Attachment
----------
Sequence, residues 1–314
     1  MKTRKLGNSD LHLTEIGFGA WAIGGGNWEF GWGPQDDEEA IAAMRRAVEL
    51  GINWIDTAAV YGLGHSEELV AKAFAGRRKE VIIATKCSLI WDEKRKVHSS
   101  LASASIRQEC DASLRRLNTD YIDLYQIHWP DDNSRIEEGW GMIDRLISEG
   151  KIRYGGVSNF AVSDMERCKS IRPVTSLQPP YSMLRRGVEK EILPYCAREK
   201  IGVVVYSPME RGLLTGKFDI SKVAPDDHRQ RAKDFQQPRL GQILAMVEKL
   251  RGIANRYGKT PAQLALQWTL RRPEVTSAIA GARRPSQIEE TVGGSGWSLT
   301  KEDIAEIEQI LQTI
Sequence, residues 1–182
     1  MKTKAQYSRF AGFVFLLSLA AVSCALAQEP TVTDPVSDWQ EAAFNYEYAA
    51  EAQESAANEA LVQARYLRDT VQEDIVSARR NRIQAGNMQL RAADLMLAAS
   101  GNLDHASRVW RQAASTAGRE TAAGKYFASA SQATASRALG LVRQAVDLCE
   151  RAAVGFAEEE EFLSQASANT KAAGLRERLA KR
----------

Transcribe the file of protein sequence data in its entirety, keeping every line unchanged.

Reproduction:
Sequence, residues 1–314
     1  MKTRKLGNSD LHLTEIGFGA WAIGGGNWEF GWGPQDDEEA IAAMRRAVEL
    51  GINWIDTAAV YGLGHSEELV AKAFAGRRKE VIIATKCSLI WDEKRKVHSS
   101  LASASIRQEC DASLRRLNTD YIDLYQIHWP DDNSRIEEGW GMIDRLISEG
   151  KIRYGGVSNF AVSDMERCKS IRPVTSLQPP YSMLRRGVEK EILPYCAREK
   201  IGVVVYSPME RGLLTGKFDI SKVAPDDHRQ RAKDFQQPRL GQILAMVEKL
   251  RGIANRYGKT PAQLALQWTL RRPEVTSAIA GARRPSQIEE TVGGSGWSLT
   301  KEDIAEIEQI LQTI
Sequence, residues 1–182
     1  MKTKAQYSRF AGFVFLLSLA AVSCALAQEP TVTDPVSDWQ EAAFNYEYAA
    51  EAQESAANEA LVQARYLRDT VQEDIVSARR NRIQAGNMQL RAADLMLAAS
   101  GNLDHASRVW RQAASTAGRE TAAGKYFASA SQATASRALG LVRQAVDLCE
   151  RAAVGFAEEE EFLSQASANT KAAGLRERLA KR